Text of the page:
Silicon Valley - Public Access Link

SPAM Filtering

SPAM Ouch!

Unfortunately SPAM has become such a large widespread problem that some attempt at filtering is necessary to keep email communications viable. We estimate that as much as 95% of the email received by SVPAL is now SPAM (as of 9/6/07) and the volume is still increasing. We've had to install bigger computer systems just to keep up with the load. We've tried a number of techniques to stem the flow and will continue to try new techniques as they become available.

SPAM Filtering

SVPAL has implemented a two-tier system of SPAM control. The first tier operates system wide and attempts to block incoming SPAM before it gets into the system. This tier operates conservatively and blocks well known SPAM sources. The first tier uses a local grey-listing database, a local blocklist database, and an external blocklist published by SpamHaus. For some of the more pernicious cases we use a limited content filter.

The second tier system is based upon SpamAssassin. This filter can be controlled by the user. You may choose from 1) no filtering, 2) tagging of suspected SPAM, or 3) delivering SPAM to a "BULK" folder. The default setting for all new accounts is (2) tagging of SPAM.

If you receive very little SPAM, then option (1) is your best choice. You can simply delete the occasional SPAM email. If you receive significant amounts of SPAM, you can choose option (2) which tags suspected SPAM making it easier to identify and discard. In fact your email program may be able to automaticly handle tagged email messages. Choose option (3) if you really hate SPAM or you are receiving a lot of SPAM or virus email. This delivers suspected SPAM to a "BULK" folder instead of your inbox.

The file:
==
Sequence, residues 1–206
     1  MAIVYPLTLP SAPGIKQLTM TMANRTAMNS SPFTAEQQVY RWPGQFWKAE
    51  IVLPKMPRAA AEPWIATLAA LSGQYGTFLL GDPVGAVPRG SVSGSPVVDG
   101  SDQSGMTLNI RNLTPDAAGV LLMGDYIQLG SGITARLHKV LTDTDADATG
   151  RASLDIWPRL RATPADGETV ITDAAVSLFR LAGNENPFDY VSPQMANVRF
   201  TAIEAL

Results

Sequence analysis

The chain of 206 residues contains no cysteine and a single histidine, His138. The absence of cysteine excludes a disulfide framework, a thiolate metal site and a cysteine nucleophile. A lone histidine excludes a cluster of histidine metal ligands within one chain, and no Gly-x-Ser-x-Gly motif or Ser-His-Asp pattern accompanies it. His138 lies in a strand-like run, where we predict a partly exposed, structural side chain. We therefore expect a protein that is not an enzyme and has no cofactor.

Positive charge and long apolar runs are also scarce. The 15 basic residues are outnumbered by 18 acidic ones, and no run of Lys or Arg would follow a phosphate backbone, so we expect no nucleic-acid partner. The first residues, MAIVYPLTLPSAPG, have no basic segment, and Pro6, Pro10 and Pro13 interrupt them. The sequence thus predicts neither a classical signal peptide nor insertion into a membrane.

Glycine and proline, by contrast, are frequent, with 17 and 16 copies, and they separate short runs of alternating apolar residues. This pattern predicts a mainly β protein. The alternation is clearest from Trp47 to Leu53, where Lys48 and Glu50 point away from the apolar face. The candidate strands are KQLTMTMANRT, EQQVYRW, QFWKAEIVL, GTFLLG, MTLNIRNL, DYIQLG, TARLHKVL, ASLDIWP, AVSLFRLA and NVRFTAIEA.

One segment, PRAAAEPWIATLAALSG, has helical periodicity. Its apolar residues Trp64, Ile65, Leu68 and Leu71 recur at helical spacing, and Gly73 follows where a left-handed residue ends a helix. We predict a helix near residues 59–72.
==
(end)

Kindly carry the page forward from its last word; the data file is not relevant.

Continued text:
SPAM Assassin Tagged Email

SPAM Assassin does not reject email but simply tags suspected SPAM and produces a report as to why the message is considered SPAM. This means that such SPAM still fills your mailbox and must be deleted. However, if the system misidentifies an email message as SPAM, you can still access the message. The original email is included as an attachment in the SPAM Assassin email message. In most email program you can simply open the attachment to read the original email. In many cases you can save the attachment to a email folder or file to effectively remove the SPAM Assassin tagging. For example in Pine, while reading the SPAM Assassin email, type "v" to show the list of attachments. Then select the attachment labeled ' Message/RFC822, "original message before SpamAssassin ' and type "s".

Controlling SPAM Filtering

You must log into SVPAL's menu system to modify your individual settings for SPAM filtering. You may choose 1) no filtering, 2) tagging only, or 3) deliver SPAM to a "BULK" folder. Option (2) is the initial setting for all new accounts.

If you are not dialed up to SVPAL in text mode, you can still access the menu system using telnet. Typically you can access telnet with the following URL in your web browser: telnet://svpal.svpal.org. If this works, you should see a new window open and a text prompt should appear on the screen " … login:". If this does not work, then under Windows, click on the Start button at the bottom left of your screen and select Run. You will see a prompt where you can enter "telnet svpal.svpal.org", then press the ENTER key.

At the "login:" prompt, enter your SVPAL username (e.g. "janedoer"), then press the ENTER key. Then you should see a "password:" prompt. Enter your SVPAL password (note that your typing is not displayed on screen), then press the ENTER key. If you entered your username and password correctly you will see the MOTD (Message Of The Day) on screen. After reading the MOTD, type "q" and then "q" again to proceed onto the menu screen. Select option "1" for email and then select option "3" to modify your SPAM filtering option. Follow the instructions.

When you are done type "bye" to log out of the menus.


[SVPAL Home] [Subscriber]

Contact Silicon Valley Public Access Link
Last Updated: Wednesday July 8, 2015
HTML5 UTF-8 (EURO €)